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Colstrip bill draws critics, hearing Tuesday
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Colstrip bill draws critics, hearing Tuesday

The latest bill to bail out coal-fired Colstrip Power plant is drawing critics, including former Montana Democratic Gov. Brian Schweitzer, who says the bill is a crony capitalism at its worst.

Scheduled for a Tuesday hearing by the Senate Energy Committee, Senate Bill 379 obliges NorthWestern Energy customers to pay for any additional shares of the power plant the utility buys, plus associated repairs and environmental cleanup. Those terms could cost the utility’s customers up to $1 billion per power plant unit, according analysis by Montana’s Public Service Commission and, taken to the extreme, $1.9 billion for ownership of Colstrip Units 3 and 4.

The power plant’s future, and NorthWestern’s investment in it, have become increasingly vulnerable as the majority of Colstrip’s owners, who have a 70% stake in the plant, prepare for coal-power bans in Washington and Oregon. Already, there have been two bills, SB 265 and 266, empowering the state government to nullify portions of the Colstrip owners’ contract in order to keep short-timer owners from objecting to repairs.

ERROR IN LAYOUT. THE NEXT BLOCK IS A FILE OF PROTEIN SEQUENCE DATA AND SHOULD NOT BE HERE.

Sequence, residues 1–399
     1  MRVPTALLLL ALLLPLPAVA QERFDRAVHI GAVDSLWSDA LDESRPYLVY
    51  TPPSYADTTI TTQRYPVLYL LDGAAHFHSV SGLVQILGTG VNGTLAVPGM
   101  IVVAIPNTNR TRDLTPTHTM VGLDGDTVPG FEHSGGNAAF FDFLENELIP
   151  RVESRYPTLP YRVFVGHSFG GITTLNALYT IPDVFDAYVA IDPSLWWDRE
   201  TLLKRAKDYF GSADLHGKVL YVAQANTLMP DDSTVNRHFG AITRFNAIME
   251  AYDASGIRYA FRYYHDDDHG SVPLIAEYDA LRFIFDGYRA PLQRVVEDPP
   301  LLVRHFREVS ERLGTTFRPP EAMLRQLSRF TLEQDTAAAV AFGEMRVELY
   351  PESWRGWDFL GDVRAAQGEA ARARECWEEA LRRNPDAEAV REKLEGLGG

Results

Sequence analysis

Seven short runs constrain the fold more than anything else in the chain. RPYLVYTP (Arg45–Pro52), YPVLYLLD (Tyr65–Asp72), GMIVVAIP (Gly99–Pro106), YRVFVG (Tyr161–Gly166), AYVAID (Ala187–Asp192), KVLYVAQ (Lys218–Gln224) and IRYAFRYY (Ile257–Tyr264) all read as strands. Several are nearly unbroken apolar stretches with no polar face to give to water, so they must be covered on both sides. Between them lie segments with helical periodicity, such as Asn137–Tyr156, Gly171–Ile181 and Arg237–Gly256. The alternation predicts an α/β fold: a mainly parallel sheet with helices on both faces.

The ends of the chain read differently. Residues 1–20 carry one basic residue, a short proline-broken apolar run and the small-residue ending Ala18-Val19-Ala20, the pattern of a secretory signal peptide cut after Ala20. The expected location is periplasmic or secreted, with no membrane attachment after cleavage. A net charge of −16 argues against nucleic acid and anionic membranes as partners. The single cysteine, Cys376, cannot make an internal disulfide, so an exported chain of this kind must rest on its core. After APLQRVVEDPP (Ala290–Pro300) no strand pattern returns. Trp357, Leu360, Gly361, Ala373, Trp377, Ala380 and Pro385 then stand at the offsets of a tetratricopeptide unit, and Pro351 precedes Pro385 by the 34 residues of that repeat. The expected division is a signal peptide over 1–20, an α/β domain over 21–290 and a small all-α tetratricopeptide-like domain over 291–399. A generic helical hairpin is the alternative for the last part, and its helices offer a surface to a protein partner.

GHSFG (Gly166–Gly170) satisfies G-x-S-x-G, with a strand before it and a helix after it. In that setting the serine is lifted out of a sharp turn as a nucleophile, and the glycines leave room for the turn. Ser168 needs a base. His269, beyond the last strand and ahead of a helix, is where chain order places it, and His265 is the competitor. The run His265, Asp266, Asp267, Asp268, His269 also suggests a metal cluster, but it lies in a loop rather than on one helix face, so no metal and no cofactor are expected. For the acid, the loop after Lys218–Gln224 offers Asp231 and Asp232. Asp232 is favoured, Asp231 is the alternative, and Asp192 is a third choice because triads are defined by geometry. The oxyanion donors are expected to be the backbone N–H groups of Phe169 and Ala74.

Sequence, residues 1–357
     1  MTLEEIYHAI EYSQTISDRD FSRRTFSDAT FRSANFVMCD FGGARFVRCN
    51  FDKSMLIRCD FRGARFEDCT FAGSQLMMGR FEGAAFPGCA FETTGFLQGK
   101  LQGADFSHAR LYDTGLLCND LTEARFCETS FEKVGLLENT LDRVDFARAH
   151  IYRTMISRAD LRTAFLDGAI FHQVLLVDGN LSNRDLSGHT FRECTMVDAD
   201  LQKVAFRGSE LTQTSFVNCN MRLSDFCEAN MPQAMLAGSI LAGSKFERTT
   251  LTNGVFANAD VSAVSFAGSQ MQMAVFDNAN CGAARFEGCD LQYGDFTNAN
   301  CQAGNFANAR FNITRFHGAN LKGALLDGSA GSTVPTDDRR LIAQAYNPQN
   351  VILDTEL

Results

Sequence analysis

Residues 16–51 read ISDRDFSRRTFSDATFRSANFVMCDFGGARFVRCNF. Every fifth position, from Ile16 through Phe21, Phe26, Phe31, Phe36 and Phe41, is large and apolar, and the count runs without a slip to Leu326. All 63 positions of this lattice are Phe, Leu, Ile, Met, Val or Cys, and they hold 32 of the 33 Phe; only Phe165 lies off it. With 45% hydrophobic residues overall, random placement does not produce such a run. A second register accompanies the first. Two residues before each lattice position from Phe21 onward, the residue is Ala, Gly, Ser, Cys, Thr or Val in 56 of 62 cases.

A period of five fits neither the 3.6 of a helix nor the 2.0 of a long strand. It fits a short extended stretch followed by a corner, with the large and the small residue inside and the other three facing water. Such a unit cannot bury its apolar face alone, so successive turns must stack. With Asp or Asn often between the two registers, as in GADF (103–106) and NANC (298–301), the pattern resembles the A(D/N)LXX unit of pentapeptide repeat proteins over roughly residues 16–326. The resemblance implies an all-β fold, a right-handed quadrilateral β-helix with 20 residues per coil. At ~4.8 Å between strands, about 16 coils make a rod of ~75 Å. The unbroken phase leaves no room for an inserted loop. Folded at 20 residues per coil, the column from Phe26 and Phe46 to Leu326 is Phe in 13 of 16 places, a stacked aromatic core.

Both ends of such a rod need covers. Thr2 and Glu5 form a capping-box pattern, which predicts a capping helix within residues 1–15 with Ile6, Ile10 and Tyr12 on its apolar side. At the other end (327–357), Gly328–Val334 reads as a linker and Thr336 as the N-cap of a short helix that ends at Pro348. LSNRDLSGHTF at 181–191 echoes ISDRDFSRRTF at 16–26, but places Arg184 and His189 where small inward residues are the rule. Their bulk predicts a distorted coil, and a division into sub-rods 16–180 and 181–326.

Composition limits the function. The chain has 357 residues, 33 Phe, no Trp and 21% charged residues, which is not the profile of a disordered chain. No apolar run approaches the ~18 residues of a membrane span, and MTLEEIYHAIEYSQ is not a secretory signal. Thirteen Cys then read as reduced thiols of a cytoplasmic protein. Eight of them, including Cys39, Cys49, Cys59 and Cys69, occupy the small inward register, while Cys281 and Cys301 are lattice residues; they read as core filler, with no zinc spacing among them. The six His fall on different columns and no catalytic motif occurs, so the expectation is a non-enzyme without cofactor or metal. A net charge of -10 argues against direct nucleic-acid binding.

“What they’re saying right now, is that this company from South Dakota can change the laws so that private businesses, who write private contracts with one another, can have those contracts changed to the benefits of one company, NorthWestern Energy,” Schweitzer said. “It’s stunning. The state wasn’t a party to the contract.”

Yet another bill, Senate Bill 260, would require government reimbursement for the cost of regulations. Schweitzer said the risk of the government imposing repairs on Colstrip owners, is that taxpayers could be on the hook for reimbursement. 

Sen. Steve Fitzpatrick, a Great Falls Republican, is the sponsor of SB 379 and the two bills overriding the Colstrip Ownership and Operation Agreement. Interview requests were left on Fitzpatrick’s voicemail March 22 and March 26. He was also emailed questions for this article, but didn’t respond. Steve Fitzpatrick is the son of John Fitzpatrick, NorthWestern Energy’s former government affairs director.

The first coal-power ban affecting Colstrip starts at the end of 2025 in Washington state, where owners Puget Sound Energy, Avista Corp. and PacifiCorp have agreed to be financially ready to exit the plant no later than 2025. Additionally, PacifiCorp and Portland General Electric face coal power bans in Oregon that begin in 2030. That leaves NorthWestern Energy, which has a 30% share in Colstrip Unit 4 and Talen Energy, which has a 30% share in Colstrip Unit 3.